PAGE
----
New Delhi: The Network of Women in Media, India (NWMI) along with many eminent personalities and journalists have expressed concerns over the rising trend of “powerful men seeking gag orders on the media” in sexual assault and harassment cases.
In a detailed statement, the signatories have made examples of situations where such gagging has occurred. The signatories refer to the latest instance where the accused obtained a gag order on any media coverage by a trial court in the alleged abduction and assault of a woman actor in Kerala. Hearings on the case are currently underway in Ernakulam trial court.
The trial commenced in-camera in January 2020. In March, the accused obtained a gag order from the court against the media’s coverage of the case. In September, he filed a petition in the same court against 10 media houses for allegedly violating the gag order – the hearings in this matter, too, are currently ongoing, the statement noted.
This pattern of seeking gag orders against reportage in such cases by the accused has now become a trend, said the statement, which cited other examples of powerful men across fields obtaining such gag orders.
“We stand in solidarity with survivors of sexual harassment and assault. While prioritising the privacy and dignity of survivors above all else, we believe that responsible reporting of broad facts in rape trials is in the interests of justice,” the group said.
A long queue of cases
When sexual harassment allegations against BJP MP Tejasvi Surya surfaced on social media in March 2019, he obtained a temporary injunction from a Bengaluru sessions court banning 49 media outlets from publishing anything “defamatory” or “derogatory” against him. The following month, the Karnataka high court set aside the injunction.
In July 2020, the Delhi high court lifted its 2017 gag order restraining publication of articles and comments on sexual harassment allegations against Mumbai-based venture capitalist Mahesh Murthy. In 2014, the Delhi high court had issued a gag order on publication and telecast of a law intern’s sexual harassment complaint against a former Supreme Court judge.
Earlier this year, an ad-interim injunction was passed by a court in New Delhi directing several publications to take down articles about sexual harassment complaints against a sitting Rajya Sabha MP’s son, while he himself pursued a defamation suit against one of his accusers as well as various media platforms that ran the story.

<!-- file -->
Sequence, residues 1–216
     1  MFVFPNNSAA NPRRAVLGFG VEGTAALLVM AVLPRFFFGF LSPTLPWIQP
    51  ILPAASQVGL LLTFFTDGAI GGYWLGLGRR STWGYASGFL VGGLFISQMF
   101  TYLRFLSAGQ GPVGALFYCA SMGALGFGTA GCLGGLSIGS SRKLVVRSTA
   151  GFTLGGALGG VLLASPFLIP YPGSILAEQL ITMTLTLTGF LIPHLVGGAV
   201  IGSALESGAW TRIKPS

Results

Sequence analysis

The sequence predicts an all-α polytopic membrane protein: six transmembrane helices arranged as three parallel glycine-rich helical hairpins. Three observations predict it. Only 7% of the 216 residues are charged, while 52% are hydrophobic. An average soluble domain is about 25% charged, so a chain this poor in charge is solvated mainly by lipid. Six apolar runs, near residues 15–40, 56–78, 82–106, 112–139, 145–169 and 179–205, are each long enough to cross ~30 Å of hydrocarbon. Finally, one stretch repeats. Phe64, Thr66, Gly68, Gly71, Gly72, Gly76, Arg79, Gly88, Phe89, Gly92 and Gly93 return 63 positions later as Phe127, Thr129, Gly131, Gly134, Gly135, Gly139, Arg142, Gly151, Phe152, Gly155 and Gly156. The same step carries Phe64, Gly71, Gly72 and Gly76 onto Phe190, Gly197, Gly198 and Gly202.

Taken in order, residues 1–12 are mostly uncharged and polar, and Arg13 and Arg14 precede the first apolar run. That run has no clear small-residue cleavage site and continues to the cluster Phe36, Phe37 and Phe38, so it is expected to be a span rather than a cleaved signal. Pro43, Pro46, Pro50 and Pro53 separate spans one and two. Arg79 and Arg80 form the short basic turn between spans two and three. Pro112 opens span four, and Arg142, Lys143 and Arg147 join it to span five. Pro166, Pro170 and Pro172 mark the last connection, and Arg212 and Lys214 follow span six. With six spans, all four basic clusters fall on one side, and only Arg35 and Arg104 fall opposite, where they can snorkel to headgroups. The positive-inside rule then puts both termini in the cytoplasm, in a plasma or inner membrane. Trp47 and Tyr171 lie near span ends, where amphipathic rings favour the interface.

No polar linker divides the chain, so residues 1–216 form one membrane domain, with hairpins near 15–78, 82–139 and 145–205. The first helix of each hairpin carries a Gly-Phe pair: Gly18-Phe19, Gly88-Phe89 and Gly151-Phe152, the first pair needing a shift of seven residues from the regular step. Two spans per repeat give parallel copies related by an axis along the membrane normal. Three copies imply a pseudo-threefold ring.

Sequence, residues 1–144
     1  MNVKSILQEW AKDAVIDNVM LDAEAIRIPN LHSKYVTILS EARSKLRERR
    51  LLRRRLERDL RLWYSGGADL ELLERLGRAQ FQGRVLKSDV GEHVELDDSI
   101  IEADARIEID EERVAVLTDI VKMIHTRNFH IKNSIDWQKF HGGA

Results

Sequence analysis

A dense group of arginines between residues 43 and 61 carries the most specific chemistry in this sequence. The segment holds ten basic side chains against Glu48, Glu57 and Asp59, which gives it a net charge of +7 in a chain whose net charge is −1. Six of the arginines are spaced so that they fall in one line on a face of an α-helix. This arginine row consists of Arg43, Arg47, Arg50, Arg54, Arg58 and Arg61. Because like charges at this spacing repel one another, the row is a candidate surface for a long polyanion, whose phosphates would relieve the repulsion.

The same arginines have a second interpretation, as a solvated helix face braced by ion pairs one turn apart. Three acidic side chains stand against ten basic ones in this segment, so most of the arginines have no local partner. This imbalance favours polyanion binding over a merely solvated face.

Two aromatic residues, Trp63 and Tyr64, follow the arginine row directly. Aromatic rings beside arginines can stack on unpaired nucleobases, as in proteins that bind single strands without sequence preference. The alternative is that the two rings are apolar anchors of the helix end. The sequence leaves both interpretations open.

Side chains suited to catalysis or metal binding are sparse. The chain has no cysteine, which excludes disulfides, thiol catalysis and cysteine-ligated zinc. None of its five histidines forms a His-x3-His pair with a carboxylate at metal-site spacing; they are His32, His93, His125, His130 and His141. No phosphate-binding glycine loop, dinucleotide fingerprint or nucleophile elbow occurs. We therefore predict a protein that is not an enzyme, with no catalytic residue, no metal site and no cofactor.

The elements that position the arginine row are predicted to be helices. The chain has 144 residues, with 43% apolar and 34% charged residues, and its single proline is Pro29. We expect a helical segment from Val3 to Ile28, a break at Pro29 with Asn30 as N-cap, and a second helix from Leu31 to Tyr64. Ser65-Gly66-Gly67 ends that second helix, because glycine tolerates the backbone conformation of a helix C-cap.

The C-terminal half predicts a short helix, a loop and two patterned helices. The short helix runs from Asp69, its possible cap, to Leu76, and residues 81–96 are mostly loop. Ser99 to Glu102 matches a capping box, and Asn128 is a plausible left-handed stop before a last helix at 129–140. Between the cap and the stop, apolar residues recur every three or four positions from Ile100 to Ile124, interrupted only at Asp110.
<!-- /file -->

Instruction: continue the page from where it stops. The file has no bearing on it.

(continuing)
“In the context of rape in particular, a trend where the accused seeks to prevent media from covering trials presents a unique challenge for media reportage,” notes the statement.
According to news reports, the petition filed by the Malayalam actor argues that “the continued illegal act of publishing matters in relation to the in-camera proceedings in this case” are calculated to injure his reputation and violate his fundamental right to fair trial.
The choice of words in the petition underlines the irony of the situation: Section 327(2) of the CrPC mandates that rape inquiries and trials should be conducted in-camera; and Section 327(3) mandates that it is unlawful to print or publish any matter related to in-camera proceedings without the court’s previous permission.
“These provisions cannot be invoked by accused persons to silence the media or women survivors…Anonymity is given by law to a woman survivor, and not to hide the misdeeds of a male accused,” NWIM says.
These legal provisions were introduced in India with the intention of safeguarding the identity and privacy of survivors in a society that tends to shame women who have faced sexual assault and harassment. They were not introduced to protect the reputation of a person accused of committing an offence of rape, their statement reads.
Intimidation of witnesses
The statement also makes a case for the intimidation of witnesses through the use of gag orders.
“Clearly, there can be no public opinion if there is no information in the public realm. We believe this is why powerful accused are increasingly trying to suppress the social media and news media, in a scenario where most systems are already weighted heavily in their favour,” NWMI said in the statement.
“We appreciate the vigilance of courts against irresponsible journalism, but urge that responsible, sensitive reporting of basic facts such as witnesses not turning up, witnesses retracting previous statements, hostile behaviour of the accused against the survivor and so on, should be allowed in the public interest and in the interests of the victim/survivor,” the group said.
The full list of signatories is below:
- K.R. Meera, Writer
- Aleyamma Vijayan, SakhiKerala
- J. Devika, Feminist historian
- Sugathakumari, Poet and activist
- Viji Palithodi, Activist
- Mercy Alexander, SakhiKerala
- Meera Velayudhan, Policy Analyst
- V. Geetha, Feminist historian
- Janaki Nair, Historian
- Nivedita Menon, Professor, JNU
- Kalpana Kannabiran, Director, CSD
- Anitha Thambi, Poet
- V.M. Girija, Poet
- Professor Mary E John, Centre for Women’s Development Studies
- Sreerekha Sathi, International Institute of Social Studies, The Hague
- Darshana S. Mini, Assistant Professor, University of Wisconsin-Madison
- Jayasree Kalathil, Survivor Research, London and translator
- Rekha Raj, Feminist thinker, activist
- Janaki Abraham, Sociologist and Professor
- K. Satchidanandan, Writer
- BRP Bhaskar, Senior journalist
- N.S. Madhavan, Writer
- Sashi Kumar, Senior journalist
- Vinod K. Jose, Executive Editor, The Caravan
- Josy Joseph, Editor, Azhimukham
- Manu Pillai, Author
- Anwar Ali, Poet